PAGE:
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- Recording and making music on the PC or Mac
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Cakewalk presents “Mix it Right” month
We have been busy this month creating new resources to help you craft better mixes. Check out all the tips, tricks, and video from experts like Craig Anderton, Dan Gonzalez, and Jimmy Landry who have all worked professionally in studios and bring decades of mixing knowledge to the table (and console).
EQ: Carving Out The Right Sound For Your Mix
One of the most important aspects of mixing is using EQ to “carve out” a specific frequency range for instruments so they don’t conflict with each other. If instruments have their own sonic space, it’s easier to hear each instrument’s unique contribution, which increases the mix’s clarity. Learn more
When To Break The “Rules” Of Digital Mixing
Sometimes you need a mix to have a certain sound and the so-called rules of digital mixing go out the window. Recently Cakewalk’s Jimmy Landry was hired to produce a song with some “grit” and “acoustic-oriented authenticity,” so he grabbed his 5-Year Old’s harp out of a toy chest, his acoustic guitar, and got to work in SONAR X3. Learn more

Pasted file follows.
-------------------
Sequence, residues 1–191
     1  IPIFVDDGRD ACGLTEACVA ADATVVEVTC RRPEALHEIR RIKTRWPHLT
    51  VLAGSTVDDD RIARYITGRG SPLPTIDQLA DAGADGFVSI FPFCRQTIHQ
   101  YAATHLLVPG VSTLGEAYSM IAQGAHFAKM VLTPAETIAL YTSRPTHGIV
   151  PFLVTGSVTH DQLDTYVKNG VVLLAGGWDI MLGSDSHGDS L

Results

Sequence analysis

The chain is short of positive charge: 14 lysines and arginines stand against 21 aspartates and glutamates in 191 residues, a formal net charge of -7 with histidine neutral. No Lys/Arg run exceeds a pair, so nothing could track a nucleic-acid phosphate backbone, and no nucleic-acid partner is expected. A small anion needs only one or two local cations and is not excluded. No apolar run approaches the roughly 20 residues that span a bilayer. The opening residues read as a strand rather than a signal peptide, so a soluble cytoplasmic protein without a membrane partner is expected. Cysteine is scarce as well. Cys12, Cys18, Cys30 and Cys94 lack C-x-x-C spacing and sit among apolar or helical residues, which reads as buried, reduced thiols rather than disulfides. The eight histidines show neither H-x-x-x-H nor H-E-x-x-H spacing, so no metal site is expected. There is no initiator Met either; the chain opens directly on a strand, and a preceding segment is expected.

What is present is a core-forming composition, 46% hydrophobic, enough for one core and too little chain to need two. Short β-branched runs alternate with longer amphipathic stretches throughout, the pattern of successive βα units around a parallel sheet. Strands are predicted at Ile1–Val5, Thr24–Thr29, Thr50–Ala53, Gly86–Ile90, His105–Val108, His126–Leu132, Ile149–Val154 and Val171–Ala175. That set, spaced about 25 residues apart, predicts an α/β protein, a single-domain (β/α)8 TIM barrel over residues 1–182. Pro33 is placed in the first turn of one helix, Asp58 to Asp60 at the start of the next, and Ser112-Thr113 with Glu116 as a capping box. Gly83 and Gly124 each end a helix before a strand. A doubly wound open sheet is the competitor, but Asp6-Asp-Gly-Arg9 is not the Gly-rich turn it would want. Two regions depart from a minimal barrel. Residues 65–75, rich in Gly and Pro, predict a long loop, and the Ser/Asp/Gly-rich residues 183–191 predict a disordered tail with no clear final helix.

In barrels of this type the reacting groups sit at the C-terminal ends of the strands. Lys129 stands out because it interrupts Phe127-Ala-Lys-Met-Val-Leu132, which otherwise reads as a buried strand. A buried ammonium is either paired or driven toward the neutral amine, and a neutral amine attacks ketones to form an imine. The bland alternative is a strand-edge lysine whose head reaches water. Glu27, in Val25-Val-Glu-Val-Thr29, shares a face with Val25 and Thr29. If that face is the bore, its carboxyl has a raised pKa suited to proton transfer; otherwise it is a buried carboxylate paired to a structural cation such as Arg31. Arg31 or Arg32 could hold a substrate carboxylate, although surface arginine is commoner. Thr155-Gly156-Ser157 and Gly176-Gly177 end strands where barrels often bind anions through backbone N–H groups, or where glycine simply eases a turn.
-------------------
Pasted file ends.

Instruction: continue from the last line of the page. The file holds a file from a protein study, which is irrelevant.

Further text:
“Object-Oriented” Clip Mixing in SONAR
When you need to get really detailed, object-oriented mixing is a convenient solution. Craig Anderton explains how to approach this in SONAR. Learn more
How to Use Reverb to Create Depth
Applying the proper Reverb requires more time than just scrolling through the presets of the basic Hall, Room, and Plate algorithms. Cakewalk’s Dan Gonzalez covers the dos-and-don’ts of Reverb for guitars, vocals, drums, and more. Learn more
Video: How to Use Compression
Mixing with Compression is an essential part to shaping and creating a great sounding track. In this video series Dan Gonzalez shows you how to use compression on various types of instruments in SONAR X3 with the CA-2A T-Type Leveling Amplifier. Learn more (more…)
When you need to get really detailed, object-oriented mixing is a convenient solution
by Craig Anderton